The Holocaust is undeniably one of the worst events in human history, the effects of which are felt even today. In a mere four years, 6 million Jews were systematically slaughtered by the Nazi war machine. Since the scale of this tragedy became known, scholars and survivors have sought to preserve its legacy to inform future generations.
What Happened During the Holocaust
Horrifyingly, the Holocaust was just one phase in the genocidal ambitions of Adolf Hitler and his henchmen. From 1941-45, wherever Germany held power, Jews were stripped of their rights, isolated in ghettos and eventually sent to concentration camps, where they were worked to death or gassed on arrival. Before they died, some were the subjects of medical monstrosities, including the horrific Holocaust twin experiments of Josef Mengele, Auschwitz’s “Angel of Death.” By the end of World War II, millions had perished under German persecution.
How the Holocaust Is Remembered
In the aftermath of Nazi atrocities, a shocked world struggled to cope with the scope of the catastrophe. Various governments, groups and individuals vowed that the Holocaust would never be forgotten. In America, Israel and elsewhere, museums were established to educate the public. Their archives contain records of the camps, mementos of the dead and testimonies of survivors. Former death camps became monuments to the terror of the Third Reich. A new Jewish holiday was even created to honor Holocaust victims.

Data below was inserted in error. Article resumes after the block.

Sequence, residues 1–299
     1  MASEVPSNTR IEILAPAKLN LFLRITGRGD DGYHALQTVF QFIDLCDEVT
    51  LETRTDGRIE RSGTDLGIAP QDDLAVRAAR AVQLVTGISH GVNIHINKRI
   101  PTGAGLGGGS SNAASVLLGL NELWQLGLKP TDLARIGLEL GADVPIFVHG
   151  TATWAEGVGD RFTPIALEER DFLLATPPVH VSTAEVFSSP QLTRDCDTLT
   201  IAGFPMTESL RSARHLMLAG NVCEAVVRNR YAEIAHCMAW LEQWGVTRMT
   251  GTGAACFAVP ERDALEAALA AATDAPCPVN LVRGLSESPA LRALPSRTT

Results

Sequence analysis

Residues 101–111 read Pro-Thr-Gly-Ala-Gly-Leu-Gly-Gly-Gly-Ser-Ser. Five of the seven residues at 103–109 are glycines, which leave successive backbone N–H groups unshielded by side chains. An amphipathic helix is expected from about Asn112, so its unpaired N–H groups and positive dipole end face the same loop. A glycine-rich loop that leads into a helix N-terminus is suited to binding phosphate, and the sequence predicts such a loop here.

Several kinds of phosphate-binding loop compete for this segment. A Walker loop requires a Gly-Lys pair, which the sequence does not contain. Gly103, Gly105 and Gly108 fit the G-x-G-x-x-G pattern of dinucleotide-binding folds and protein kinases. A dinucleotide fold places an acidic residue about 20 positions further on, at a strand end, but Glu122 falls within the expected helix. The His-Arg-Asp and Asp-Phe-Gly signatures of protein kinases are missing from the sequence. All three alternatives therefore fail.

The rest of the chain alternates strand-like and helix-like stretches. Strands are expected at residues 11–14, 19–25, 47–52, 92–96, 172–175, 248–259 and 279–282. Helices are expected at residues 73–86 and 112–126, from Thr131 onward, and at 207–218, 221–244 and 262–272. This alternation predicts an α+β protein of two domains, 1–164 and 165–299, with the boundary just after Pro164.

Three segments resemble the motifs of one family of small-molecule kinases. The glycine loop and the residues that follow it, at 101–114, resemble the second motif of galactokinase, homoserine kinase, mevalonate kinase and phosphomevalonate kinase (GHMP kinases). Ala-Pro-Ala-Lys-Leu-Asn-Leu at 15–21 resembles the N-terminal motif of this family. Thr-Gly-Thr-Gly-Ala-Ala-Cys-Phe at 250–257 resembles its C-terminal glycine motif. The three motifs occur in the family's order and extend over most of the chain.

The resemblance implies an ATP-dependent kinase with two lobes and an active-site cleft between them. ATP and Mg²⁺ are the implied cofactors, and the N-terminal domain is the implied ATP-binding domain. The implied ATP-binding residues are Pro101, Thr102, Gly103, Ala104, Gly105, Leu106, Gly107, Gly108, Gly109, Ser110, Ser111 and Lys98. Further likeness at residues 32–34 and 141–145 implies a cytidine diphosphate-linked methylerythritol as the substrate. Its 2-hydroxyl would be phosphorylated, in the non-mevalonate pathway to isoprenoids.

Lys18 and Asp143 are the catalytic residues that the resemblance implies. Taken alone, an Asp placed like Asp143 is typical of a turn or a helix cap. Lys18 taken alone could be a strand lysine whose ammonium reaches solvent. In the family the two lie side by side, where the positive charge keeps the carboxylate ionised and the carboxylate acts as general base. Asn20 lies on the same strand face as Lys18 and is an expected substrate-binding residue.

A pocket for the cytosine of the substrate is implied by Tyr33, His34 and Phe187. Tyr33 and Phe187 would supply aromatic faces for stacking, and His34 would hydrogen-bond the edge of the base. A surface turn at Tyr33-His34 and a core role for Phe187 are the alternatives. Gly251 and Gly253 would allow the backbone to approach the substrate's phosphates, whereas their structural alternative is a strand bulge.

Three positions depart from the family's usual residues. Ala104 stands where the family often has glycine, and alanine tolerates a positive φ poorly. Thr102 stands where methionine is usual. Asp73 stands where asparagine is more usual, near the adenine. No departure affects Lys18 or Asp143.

What We Can Do
As the last Holocaust survivors reach the end of their lives, it’s up to us to keep their memories alive. Their collective suffering can still serve a purpose if society continues to support the work that they started. The institutions they created must remain as resources for understanding the Holocaust. Many Holocaust memorials are registered charities, meaning any money you donate may be deducted from your taxes. The circumstances surrounding history’s darkest chapter should be common knowledge, with Holocaust information included in all school curricula.
In memory of the murdered millions, the history of the Holocaust cannot be ignored. By holding the victims in our hearts, we can ensure a second Holocaust never occurs.